During the Great Patriotic War, the Shpagin submachine gun became the most massive submachine gun in the Red Army. And it was no coincidence. Weapon earned a lot of positive feedback, including from enemies - German soldiers.
Like German weapons to Soviet soldiers, our submachine guns also sometimes fell to the Germans as trophies. Wehrmacht soldiers were very surprised by the excellent characteristics of the PPSh-41. Maschinenpistole 717 (r) - exactly so, with the small letter "p" - "Russian" in brackets, the Germans called PPSh-41.
So, shooting from a Soviet submachine gun created a high density of fire, the rate of fire was higher than that of the MP-40. Sighting range also differed in a favorable direction. In addition, which was very important, the 71-round magazine made it possible to achieve a significant advantage: the Wehrmacht soldier had to change two MP-40 magazines, and during that time the Red Army soldier shot only one PPSh disk.
After the same period of time there was still a significant supply of ammunition, "and this turned out to be decisive for the outcome of some battles,
- German authors Rainer Liedshun and Gunter Wallert write in the book "Small Arms Yesterday (1918-1945)."
Another undoubted advantage of the PPSh-41 was a massive wooden butt. Thanks to him, the submachine gun turned into an excellent weapon for hand-to-hand combat. There was nothing for German soldiers armed with an MP-40 with a folding butt to counter the PPSh, if it was possible to converge in hand-to-hand combat. The Soviet soldiers affectionately called the Shpagin submachine gun “Daddy”, and the German soldiers “the small machine gun”.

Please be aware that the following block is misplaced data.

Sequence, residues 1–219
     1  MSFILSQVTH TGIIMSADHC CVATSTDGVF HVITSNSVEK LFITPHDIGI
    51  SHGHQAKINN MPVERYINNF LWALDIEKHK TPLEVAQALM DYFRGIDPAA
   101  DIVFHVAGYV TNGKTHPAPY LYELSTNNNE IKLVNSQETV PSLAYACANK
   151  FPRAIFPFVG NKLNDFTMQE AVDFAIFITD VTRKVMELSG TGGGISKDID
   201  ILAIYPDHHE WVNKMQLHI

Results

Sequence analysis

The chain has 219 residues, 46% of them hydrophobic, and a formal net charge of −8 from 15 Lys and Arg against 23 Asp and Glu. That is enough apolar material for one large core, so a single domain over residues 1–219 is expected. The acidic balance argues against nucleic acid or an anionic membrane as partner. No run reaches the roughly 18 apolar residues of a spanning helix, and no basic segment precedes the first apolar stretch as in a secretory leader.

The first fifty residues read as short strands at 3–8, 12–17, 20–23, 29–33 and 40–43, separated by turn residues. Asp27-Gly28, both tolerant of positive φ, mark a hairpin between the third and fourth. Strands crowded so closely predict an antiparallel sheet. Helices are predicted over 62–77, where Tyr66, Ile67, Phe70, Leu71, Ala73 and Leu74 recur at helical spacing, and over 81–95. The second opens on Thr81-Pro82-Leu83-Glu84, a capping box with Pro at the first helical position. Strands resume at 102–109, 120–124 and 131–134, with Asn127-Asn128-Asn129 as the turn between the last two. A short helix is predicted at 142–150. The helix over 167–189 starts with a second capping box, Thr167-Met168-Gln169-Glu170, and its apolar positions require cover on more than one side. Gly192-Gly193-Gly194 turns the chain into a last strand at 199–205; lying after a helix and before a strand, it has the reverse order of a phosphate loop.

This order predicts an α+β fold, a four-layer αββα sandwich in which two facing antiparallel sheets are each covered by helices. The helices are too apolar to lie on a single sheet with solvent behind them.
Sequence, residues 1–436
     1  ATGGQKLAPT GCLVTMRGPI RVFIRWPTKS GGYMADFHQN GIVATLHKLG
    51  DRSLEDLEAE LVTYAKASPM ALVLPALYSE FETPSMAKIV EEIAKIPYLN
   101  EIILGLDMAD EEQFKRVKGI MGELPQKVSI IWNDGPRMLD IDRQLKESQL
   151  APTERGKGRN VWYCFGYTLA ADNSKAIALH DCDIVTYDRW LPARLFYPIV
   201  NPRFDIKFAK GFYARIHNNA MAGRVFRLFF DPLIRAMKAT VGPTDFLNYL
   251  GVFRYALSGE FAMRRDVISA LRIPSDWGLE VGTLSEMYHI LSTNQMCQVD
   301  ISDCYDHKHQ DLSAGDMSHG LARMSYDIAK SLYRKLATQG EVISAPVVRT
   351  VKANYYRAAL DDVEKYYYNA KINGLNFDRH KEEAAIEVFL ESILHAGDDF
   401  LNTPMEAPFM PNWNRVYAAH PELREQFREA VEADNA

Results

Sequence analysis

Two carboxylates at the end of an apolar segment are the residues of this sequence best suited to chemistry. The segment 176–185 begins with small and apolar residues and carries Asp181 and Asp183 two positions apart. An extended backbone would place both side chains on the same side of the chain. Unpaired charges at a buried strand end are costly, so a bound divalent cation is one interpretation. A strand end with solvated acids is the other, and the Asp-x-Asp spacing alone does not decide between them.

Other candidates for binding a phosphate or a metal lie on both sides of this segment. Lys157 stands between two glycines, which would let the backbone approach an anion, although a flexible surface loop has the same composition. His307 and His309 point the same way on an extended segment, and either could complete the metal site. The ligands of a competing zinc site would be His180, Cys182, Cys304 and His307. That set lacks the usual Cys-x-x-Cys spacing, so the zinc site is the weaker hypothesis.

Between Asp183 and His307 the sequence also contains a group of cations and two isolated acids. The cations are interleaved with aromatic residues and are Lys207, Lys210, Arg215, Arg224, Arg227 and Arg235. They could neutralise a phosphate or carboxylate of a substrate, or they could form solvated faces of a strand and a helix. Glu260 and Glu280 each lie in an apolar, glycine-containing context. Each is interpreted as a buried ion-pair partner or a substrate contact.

We tried to get the Russian "small machine gun." The disk seemed to have 72 rounds, and with good care it was a very formidable weapon. In general, Russian weapons were appreciated for their simplicity and reliability. But it was very poorly protected from corrosion and rust. Our weapons were better crafted
- recalled the corporal Wehrmacht, who happened to fight near Moscow.
PPSh was also distinguished by simplicity: one of the former soldiers of the SS troops already after the war recalled that it was possible to learn the principle of disassembling the Soviet submachine gun very quickly, no instructions were required.
Since the number of submachine guns and machine guns in the Wehrmacht units was, contrary to the prevailing myth, smaller than in the Red Army, the German soldiers were very happy when they got a trophy “small machine gun” Shpagin. Indeed, the company, as a former Wehrmacht soldier recalls, had an average of 15-20 assault rifles, and the rest of the soldiers were armed with carbines. Naturally, in this situation, the PCA, even with certain shortcomings, was still the best weapon.
The popularity of PPSh in the units of Hitler’s troops was so significant that in October 1942, SS Obergruppenführer Felix Martin Julius Steiner, commander of the Viking SS division, turned to Heinrich Himmler with a proposal to launch production of submachine guns similar to the Soviet PPS at German factories.
Russian assault rifles are widely used in our division, they have proven themselves to be very reliable even in the most adverse conditions,
- wrote the SS Obergruppenführer to his boss.
Himmler gave the green light to modify the PPSh for the standard 9x19 mm cartridge used in the Wehrmacht. The new weapon was called MP-41 (r). Arms factories quickly produced 10 thousand barrels for Soviet PPSh. Particularly often reworked PPSh were used in the "elite" SS divisions. The enemy knew a lot about weapons and spoke about the PCA with respect. Still: 900 rounds per minute from PPSh against 500 from MP! There is a difference?